I would say that she would have power if at any point the constitution’s democratic nature was threatened. If there was a power-grab to, say, end the responsibility of Ministers to Parliament, or make elections unnecessary, or to confound Parliament’s ability to scrutinise, then she could deny it.
It’s not so much that ability to exercise as the fact that these powers are not inherent in the Executive or the Legislature, but in a third, impartial party, who on a normal day lends the powers as they are doing quite routine things. But if they did something unusual or constitutionally unsound, then her opinions can be made clear.
For example, when Thatcher was facing humiliation in the leadership elections for the Conservative Party in 1990, she apparently declared her intention to bypass the election and instead call a General Election, so that the people could decide their Prime Minister. It was quickly made clear to her that the Queen would be obliged to deny a dissolution in such circumstances, as it would be use of the Prerogative for party political purposes and would be a power-ploy against the cabinet.
I’ve never heard of that. Cite?
It does not. The Queens de jure powers are quite real. She could pick up the phone tomorrow and tell her commissioners not to assent to a bill and it will not become law.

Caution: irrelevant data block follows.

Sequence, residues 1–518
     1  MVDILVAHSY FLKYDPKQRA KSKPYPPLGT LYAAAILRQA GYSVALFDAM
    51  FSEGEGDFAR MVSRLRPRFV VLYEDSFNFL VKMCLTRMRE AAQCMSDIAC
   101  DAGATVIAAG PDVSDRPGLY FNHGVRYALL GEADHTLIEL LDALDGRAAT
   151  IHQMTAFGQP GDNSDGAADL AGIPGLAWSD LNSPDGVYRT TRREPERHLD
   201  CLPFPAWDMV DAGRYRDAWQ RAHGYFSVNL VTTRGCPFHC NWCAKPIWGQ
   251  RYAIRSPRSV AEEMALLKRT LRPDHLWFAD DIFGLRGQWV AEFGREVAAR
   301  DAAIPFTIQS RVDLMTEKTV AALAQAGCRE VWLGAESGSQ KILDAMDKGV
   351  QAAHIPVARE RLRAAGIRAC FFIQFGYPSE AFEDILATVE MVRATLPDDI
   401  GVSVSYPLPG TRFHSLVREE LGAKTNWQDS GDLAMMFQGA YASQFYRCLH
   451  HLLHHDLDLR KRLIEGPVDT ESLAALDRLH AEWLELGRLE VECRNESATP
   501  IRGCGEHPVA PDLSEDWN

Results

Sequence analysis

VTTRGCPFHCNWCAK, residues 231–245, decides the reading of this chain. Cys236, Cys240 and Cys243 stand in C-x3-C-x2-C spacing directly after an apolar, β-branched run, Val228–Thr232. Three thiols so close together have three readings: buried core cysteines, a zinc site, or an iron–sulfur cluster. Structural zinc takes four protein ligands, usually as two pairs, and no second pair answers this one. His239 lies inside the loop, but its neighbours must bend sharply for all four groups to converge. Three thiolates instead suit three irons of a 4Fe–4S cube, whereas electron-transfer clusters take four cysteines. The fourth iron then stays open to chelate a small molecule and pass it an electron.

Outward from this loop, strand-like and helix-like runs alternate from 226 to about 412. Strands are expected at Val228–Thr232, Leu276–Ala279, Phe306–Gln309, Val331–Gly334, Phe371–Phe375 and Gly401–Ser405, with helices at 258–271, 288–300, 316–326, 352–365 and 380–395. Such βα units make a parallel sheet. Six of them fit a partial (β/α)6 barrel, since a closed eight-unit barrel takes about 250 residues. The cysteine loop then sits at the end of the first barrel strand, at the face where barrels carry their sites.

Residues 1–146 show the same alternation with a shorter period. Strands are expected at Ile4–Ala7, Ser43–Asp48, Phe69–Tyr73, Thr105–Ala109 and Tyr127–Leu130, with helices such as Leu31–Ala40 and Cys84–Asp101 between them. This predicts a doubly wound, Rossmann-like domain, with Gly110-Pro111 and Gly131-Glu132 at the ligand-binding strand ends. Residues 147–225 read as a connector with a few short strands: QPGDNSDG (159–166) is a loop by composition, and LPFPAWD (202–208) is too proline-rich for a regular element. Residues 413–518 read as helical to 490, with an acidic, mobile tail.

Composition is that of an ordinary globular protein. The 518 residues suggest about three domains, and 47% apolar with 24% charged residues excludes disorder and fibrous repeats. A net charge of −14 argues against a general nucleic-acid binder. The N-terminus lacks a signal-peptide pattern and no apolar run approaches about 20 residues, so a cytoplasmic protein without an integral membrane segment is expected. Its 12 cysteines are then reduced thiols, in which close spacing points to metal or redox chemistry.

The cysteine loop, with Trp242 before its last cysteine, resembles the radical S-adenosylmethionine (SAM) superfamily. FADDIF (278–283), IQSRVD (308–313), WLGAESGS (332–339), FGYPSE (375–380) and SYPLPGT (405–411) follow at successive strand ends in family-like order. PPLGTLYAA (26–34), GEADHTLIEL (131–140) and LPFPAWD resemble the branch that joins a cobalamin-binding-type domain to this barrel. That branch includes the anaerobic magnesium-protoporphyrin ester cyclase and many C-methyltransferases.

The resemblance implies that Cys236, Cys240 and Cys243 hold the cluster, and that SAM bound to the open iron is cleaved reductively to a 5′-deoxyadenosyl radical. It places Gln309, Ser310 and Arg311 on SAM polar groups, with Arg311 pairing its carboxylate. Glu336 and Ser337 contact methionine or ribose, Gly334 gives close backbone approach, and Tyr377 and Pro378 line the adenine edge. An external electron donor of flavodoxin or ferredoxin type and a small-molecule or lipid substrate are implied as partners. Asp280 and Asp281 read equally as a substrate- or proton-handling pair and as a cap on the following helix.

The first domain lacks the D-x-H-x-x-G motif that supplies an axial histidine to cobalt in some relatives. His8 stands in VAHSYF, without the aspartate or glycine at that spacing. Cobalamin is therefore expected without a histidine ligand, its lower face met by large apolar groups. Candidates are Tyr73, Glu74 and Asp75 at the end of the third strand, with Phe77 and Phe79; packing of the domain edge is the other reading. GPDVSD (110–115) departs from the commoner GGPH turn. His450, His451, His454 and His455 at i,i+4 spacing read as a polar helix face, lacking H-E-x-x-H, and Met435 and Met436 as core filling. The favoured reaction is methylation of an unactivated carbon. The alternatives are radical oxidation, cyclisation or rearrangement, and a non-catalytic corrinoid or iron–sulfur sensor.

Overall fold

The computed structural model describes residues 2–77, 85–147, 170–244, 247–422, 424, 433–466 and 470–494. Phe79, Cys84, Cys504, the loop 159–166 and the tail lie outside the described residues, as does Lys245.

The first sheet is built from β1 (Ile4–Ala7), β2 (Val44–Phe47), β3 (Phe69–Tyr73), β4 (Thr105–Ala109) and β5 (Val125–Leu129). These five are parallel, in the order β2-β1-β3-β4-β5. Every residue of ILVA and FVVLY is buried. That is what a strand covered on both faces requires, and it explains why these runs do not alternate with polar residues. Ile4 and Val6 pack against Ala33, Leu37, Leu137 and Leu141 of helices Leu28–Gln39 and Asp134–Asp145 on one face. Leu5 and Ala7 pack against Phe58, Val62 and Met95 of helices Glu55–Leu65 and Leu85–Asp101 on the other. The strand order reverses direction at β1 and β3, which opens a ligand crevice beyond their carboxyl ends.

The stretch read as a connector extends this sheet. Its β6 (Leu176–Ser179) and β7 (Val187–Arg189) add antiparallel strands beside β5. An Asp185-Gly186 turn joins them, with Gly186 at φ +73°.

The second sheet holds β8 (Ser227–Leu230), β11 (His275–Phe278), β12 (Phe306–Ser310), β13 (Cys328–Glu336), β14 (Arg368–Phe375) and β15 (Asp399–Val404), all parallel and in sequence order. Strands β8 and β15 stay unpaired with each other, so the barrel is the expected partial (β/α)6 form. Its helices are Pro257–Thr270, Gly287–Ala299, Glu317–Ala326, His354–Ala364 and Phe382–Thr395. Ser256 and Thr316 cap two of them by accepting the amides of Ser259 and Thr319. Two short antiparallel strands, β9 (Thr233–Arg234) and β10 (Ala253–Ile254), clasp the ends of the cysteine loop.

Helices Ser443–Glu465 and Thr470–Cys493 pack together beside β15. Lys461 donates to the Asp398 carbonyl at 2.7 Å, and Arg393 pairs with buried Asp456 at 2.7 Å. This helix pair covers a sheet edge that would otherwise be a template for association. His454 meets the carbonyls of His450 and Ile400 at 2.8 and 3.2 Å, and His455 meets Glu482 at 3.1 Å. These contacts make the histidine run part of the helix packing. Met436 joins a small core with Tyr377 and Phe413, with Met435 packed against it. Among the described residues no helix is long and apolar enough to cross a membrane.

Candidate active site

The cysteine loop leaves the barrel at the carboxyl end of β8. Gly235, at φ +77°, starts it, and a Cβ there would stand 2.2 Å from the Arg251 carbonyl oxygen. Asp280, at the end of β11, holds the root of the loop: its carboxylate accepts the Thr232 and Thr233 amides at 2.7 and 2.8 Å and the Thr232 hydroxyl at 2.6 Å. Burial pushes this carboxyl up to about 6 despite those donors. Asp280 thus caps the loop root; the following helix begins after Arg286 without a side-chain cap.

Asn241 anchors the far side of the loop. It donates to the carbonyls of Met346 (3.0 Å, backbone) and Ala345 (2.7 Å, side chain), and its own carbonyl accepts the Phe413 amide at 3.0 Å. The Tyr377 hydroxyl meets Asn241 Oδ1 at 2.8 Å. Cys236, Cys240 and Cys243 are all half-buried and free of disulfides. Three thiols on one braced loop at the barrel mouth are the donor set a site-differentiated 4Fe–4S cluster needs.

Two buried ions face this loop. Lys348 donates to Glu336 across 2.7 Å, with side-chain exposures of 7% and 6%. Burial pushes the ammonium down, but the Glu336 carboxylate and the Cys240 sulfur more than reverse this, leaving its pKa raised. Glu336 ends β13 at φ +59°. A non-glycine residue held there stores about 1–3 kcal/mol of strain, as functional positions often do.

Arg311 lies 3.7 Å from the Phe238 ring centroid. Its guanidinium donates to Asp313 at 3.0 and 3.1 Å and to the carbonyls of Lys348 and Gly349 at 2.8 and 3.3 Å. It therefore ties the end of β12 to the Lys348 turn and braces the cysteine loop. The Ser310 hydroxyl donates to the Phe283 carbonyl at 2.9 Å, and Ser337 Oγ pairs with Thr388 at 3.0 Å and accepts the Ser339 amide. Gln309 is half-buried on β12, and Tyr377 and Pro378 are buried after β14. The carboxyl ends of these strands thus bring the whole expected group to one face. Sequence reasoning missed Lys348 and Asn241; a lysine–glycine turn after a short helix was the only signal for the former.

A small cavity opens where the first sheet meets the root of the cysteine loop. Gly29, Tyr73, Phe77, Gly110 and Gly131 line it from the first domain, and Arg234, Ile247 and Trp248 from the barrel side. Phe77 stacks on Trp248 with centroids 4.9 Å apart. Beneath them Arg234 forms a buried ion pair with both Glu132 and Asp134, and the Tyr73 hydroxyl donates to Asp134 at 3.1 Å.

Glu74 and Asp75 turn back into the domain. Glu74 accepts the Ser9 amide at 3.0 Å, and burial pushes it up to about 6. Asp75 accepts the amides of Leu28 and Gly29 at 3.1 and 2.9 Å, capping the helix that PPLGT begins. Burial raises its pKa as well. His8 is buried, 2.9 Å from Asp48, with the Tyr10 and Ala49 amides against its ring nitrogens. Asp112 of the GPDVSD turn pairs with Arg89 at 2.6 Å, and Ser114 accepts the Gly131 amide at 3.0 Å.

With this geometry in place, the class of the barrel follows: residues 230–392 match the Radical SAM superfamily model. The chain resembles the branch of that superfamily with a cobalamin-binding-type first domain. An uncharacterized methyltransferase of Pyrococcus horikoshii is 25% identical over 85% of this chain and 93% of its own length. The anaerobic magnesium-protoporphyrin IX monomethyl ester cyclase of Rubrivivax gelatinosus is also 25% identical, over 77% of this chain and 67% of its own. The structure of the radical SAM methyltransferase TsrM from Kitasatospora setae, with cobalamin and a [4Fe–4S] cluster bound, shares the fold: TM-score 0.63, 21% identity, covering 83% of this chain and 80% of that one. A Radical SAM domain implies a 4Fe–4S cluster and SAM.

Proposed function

You are mixing legal and political powers. The Queen has little of the latter true. But, she has plenty of the former. She does not exercise them due to the political fall out of using them. Now, what would happen if we had a situation where a monarch felt they had to refuse assent. The Government would resign. The issue would go to the people in a general election. Now, it could end with the monarch and perhaps the whole institution deposed. On the other hand the public could easily decide, “you know what, the Queen was right” and vote them out of power. This would be the political end of the persons of that Government. They all know that. So this gives them an incentive to continue to compromise. Nobody wants such a situation to arise.
Ooh, you have to ask. I swear I read it somewhere, but can’t for the life of me remember. That’ll teach me for saying something I can’t substantiate. I’m happy to retract it until I can verify.
At the very least, if it did happen, or if it could have happened, that is what’s expected would happen!
Although, I think it should be added that even if people felt the Queen was right, they would by and large also be horrified of a monarch getting involved in politics. It would damage the institution either way.